04 - Confederation plaque dunster museum web


On July 1st, 1867 the British Colonies of Canada, Nova Scotia, and New Brunswick officially became the basis for what is now Canada. Upon the signing of Confederation, the new country was then divided into four provinces – Ontario, Quebec, New Brunswick and Nova Scotia. Within six years, BC and Prince Edward Island had also joined the Confederation.

In 1914, the desire for expansion into the west and easier transportation across the country was realized in the form of a Trans-Continental Rail line. 1914 also marked Canada’s entrance into fighting a war on the other side of the world. When Canada’s 50th Anniversary as a country came around, little thought was given for a celebration as all resources had been diverted to the cause of World War I.

The Diamond Jubilee, Canada’s 60th birthday was a cause for great celebration. Not only was Canada at peace, but the country was prospering. A special committee set up by the Federal Government ordered thousands of copper plaques created to celebrate the occasion. A French and English version were made and the plaques were placed in every school throughout the country. With the coming of World War II, many of these plaques were unfortunately turned in to be melted down for the war effort.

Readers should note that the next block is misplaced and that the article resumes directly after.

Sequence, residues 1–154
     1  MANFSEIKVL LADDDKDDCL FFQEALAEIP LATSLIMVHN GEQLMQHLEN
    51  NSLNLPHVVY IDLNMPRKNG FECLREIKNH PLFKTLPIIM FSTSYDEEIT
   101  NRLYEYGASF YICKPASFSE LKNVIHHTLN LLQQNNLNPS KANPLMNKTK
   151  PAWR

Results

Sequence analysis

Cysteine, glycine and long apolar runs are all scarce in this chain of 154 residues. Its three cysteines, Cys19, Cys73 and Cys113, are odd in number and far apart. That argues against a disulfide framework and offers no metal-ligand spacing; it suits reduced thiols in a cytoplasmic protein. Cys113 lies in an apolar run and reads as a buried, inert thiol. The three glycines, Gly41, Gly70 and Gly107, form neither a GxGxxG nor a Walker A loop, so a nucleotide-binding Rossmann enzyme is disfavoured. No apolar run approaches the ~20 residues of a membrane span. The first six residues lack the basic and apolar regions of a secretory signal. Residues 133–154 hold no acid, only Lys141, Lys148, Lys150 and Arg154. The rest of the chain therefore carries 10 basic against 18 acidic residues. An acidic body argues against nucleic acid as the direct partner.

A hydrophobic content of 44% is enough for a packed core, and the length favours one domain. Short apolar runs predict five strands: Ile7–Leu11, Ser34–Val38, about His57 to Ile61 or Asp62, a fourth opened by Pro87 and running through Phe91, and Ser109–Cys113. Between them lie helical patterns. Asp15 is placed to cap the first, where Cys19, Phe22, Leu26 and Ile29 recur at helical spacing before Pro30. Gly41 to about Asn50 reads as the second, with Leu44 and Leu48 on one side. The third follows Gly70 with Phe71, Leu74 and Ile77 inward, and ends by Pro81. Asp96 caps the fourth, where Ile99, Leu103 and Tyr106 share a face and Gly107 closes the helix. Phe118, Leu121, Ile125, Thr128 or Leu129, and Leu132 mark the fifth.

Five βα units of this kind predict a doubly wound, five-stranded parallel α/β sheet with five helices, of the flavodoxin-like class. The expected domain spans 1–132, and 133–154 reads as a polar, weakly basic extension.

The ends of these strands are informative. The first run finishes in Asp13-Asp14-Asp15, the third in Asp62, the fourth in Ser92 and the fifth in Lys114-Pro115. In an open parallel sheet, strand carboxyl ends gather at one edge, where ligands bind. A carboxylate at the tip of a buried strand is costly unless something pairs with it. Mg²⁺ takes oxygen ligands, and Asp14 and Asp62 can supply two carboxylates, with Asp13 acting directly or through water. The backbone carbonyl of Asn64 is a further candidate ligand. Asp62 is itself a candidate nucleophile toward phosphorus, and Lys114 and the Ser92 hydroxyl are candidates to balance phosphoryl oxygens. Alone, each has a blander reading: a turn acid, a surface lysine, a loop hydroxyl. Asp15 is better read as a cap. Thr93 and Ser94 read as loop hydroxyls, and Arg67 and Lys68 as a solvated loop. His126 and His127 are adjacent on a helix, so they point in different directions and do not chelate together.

While these plaques are not incredibly rare today, it is unique to still have one from the area in which it was first hung.
This particular plaque was hanging in the South Croydon School in 1949 when Marvin Moore attended the school taught by Gladys Meyer. Unfortunately, in the 1960s, the school burned to the ground, and little was saved or recovered. In 1967, Moore went back to the original site of the school and hunted through the debris until he found the plaque. For almost 50 years, Moore took care of it, until he could find it a permanent home. This summer, Moore brought the plaque back to the Dunster Station Museum so that others could appreciate its history and share their memories. On June 1st, the Dunster Station Museum will re-open for the summer season and the Diamond Jubilee Confederation Plaque will be hanging on its walls.